A major challenge facing reformers who are demanding high levels of performance from the educational system is to enable schools to make changes in the way they deliver services to create high performance. This article examines the utility of school-based management (SBM) as a means for generating school improvement and applies a model of high involvement management, developed in the private sector, to determine what makes SBM work and under what conditions. Emerging from the analysis is the importance of expanding the definition of SBM to include aspects of organizational redesign beyond the traditional boundaries of shared power in order to create the capacity within schools to develop high performance.
Also of interest to this research are the organizational design mechanisms associated with SBM. Traditionally, SBM policies (as well as research on SBM) have had a limited focus on issues related to power, such as how much power should be devolved to the school site and who should be the ultimate authority on the campus. However, what we know from decades of organizational research is that organizational performance improves not only when power is shifted down to lower levels of the organization, but also when those empowered are trained for their new decision-making roles, have information to make informed decisions and are rewarded for high performance (Lawler, 1986). This framework of high involvement management offers hunches about conditions that might enable schools to make changes in the way they deliver their services to create high performance. Thus, if our goal is to create high performance schools, it is arguable that the boundaries of SBM need to be expanded beyond involvement of school-level people in organizational decision-making. It should be defined as an overall approach to involving participants in the management of schools that includes in addition to decision-making power increased professional development to prepare participants for expanded roles in the governance process and in the operation of the organization. Access to information related to management and performance, and reward systems that motivate and reinforce effort to produce high performance are also elements of the high involvement model. The argument is that providing instructional direction through an instructional guidance mechanism and moving decisions into the schools are not enough. These other resources -- information, knowledge and skills, and rewards -- will be required if school-level actors are to have the capacity to make the changes required to implement the new directions.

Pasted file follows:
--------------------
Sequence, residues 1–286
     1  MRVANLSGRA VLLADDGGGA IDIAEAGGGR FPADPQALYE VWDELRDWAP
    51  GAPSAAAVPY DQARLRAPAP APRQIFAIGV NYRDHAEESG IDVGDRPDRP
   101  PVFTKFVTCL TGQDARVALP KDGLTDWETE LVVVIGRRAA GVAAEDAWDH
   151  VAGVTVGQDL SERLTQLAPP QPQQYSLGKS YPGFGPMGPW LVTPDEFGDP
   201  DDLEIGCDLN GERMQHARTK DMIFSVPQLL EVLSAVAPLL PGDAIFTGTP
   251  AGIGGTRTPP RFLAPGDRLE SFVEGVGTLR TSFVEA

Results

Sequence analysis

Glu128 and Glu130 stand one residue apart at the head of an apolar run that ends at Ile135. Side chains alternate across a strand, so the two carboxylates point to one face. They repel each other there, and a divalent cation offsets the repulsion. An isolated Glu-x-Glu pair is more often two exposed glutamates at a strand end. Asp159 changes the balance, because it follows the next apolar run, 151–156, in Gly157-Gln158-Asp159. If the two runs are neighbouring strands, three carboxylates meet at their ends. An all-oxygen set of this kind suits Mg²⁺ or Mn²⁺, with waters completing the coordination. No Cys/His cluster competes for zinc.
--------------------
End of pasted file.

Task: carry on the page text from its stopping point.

In sum, the research reported here, which focuses on the utility of SBM as a means for schools to generate performance-oriented changes in their instructional practices, is distinguished in two ways. First, it evaluates SBM in reform contexts where there was a push for curriculum and instruction reform, either from the state or the district. Second, the study goes beyond traditional boundaries of SBM by applying a model of high involvement, developed in the private sector, to better understand mechanisms that may contribute both to the successful governance of schools and to curricular and instructional reform in classrooms. The findings confirm the importance of expanding the definition of SBM to include aspects of the organization beyond decision-making power in order to create the capacity within schools to develop high performance. For practitioners and policy makers, this research offers practical design and implementation strategies to help schools improve their performance through SBM.